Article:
THE FACTS

The facts presented by the Parties and apparently not in dispute
between them may be summarised as follows:

The applicant is a citizen of the United Kingdom, a Welshman, born in
Cardiff in 1933. It appears from his correspondence that he is a member
of the Mudiad Amddiffyn Cymru, the so-called "Free Wales Army". He is
now held in H.M. Prison, Albany, on the Isle of Wight. In the
proceedings before the Commission he is now represented by B. & Co.,
Solicitors of London.

The applicant is serving a sentence of ten years' imprisonment imposed
at the Flint Assizes on .. April 1970 for a number of serious criminal
offenses involving the use of explosives. He originally complained to
the Commission about his prison sentence, about interference with his
correspondence and about his prison sentence, and about the fact that
he was classified as a "category A" prisoner and was, as such, unable
to earn parole. These complaints were declared inadmissible by a
Partial Decision of the Commission on 18 December 1972. (Not published)

The applicant's complaints about his sentence and about his
correspondence were held to be manifestly ill-founded, his complaint
about parole was held to be incompatible with the provisions of the
Convention. The Commission decided, however, to adjourn its examination
of the applicant's complaint that publications and newspapers had been
withheld from him on political grounds and this is the part of the
application which is now outstanding.

In August 1972 the applicant wrote to the Commission alleging that
certain publications and newspapers had been withheld from him on
political grounds. Between January and April 1972 he stated that he had
been refused "Le Peuple Breton" on .. January, "Irish Democrat" on ..
February, "Herald Cymraeg" on .. February, part of the "Sunday Express"
and "Tafod y Ddraig" on .. March and part of the "Sunday Express",
"Irish Democrat", "Tafod y Ddraig" and "Le Peuple Breton" on .. April.
He said that he had complained to the Board of Visitors who had stated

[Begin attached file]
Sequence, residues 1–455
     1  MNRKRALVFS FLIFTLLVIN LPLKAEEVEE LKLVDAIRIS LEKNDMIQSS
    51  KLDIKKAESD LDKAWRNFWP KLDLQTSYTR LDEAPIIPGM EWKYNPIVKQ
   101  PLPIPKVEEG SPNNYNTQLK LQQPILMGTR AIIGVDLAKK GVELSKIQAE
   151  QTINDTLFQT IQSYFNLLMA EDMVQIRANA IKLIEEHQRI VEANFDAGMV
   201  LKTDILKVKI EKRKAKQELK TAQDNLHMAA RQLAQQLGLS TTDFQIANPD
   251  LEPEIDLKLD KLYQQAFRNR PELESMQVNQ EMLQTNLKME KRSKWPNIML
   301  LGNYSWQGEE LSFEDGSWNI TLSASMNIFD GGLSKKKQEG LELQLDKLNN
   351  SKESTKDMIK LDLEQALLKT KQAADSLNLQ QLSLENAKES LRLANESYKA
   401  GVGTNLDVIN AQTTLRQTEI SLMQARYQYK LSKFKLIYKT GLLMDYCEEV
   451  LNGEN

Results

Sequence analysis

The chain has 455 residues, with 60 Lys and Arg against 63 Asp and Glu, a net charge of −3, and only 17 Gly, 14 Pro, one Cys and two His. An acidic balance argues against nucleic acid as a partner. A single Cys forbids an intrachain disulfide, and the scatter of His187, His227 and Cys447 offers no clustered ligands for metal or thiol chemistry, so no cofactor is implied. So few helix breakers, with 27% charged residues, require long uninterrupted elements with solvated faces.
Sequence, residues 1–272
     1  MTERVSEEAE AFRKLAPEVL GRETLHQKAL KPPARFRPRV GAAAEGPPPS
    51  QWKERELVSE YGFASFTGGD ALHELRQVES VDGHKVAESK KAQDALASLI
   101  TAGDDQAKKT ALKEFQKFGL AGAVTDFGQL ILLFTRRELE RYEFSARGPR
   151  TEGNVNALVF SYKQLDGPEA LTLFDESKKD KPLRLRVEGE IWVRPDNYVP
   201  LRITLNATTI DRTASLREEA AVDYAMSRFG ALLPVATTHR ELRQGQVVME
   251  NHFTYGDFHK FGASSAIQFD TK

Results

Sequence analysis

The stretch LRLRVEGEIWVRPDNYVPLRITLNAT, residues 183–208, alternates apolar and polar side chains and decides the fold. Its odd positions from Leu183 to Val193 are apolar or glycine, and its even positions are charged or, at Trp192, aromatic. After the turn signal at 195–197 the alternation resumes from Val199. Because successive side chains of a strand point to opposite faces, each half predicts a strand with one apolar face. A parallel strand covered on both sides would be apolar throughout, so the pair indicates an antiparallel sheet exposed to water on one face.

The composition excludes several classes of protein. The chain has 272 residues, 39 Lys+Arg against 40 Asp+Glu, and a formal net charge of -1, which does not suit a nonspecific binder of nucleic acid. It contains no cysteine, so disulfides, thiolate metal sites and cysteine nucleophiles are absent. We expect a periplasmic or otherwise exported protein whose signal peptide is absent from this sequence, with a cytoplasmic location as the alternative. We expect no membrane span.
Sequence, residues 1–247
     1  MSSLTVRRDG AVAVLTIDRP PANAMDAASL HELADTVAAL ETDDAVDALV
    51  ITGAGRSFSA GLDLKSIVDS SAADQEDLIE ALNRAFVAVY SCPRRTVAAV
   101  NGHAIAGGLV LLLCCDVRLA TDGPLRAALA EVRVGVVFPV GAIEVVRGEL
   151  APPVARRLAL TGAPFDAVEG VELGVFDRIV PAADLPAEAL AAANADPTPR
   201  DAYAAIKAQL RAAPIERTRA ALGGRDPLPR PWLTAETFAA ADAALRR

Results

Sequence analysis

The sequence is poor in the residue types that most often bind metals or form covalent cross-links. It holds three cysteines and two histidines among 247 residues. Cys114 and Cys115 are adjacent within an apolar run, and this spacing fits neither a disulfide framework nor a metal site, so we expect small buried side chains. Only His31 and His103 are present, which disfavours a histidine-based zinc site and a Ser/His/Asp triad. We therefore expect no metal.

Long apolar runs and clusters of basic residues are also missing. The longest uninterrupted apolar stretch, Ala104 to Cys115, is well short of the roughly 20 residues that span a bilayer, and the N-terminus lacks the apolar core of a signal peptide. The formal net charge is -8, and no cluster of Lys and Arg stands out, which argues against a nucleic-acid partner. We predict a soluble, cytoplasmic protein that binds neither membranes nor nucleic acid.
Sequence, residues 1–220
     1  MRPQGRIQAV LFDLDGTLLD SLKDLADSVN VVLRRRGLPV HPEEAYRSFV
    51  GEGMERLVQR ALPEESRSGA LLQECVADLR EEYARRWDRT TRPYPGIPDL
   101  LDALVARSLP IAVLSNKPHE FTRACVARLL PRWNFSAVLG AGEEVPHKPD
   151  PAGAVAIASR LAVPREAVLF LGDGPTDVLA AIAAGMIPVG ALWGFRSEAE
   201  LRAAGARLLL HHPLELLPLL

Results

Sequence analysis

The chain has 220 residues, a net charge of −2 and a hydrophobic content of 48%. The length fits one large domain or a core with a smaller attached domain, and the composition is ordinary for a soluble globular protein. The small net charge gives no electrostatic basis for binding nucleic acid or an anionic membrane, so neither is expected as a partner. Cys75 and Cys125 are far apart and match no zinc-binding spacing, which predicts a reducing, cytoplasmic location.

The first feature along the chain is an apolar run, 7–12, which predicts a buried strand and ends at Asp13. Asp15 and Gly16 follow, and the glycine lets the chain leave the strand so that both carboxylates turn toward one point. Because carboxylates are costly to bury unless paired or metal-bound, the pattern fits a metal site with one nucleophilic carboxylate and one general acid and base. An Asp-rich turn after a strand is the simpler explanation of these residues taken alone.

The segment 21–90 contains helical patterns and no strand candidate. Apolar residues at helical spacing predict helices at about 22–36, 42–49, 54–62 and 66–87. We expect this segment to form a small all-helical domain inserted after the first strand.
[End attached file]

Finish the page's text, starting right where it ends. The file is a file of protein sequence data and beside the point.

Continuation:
that the publications were "unsuitable". He stated that all the
periodicals in question "deal exclusively with politics."
Submissions of the Parties

Observations of the respondent Government (dated 30 April 1973)

Under the Prison Rules and prison practice a convicted prisoner may
receive personally in prison the following publications of his choice:

one daily newspaper every day; and one weekly newspaper every week
(e.g. a local paper); and two periodicals on current thought, or
hobbies, or the arts every week; and two religious periodicals every
week; and two technical or educational periodicals every week.

He may also have books he has bought or books from friends plus books
from the prison library and may read newspapers provided for the
general use of prisoners. Newspapers and periodicals may be ordered by
the prisoner of by his friends or relatives but publications must be
received direct from the publisher or a reputable newsagent. This
requirement is designed to prevent the smuggling of money, messages,
drugs, etc., and to avoid the necessity for inspecting each item.
Prisoners may receive newspapers or periodicals dealing with politics,
or publications in a language other than English, but foreign
publications must be received direct from a reputable newsagent in the
United Kingdom.

The above provisions are subject to Rule 33 (1) of the Prison Rules.
This enables the Home Secretary to impose restrictions with a view to
securing discipline and good order in the prison or the prevention of
crime. Hence a publication encouraging prisoners to use violence is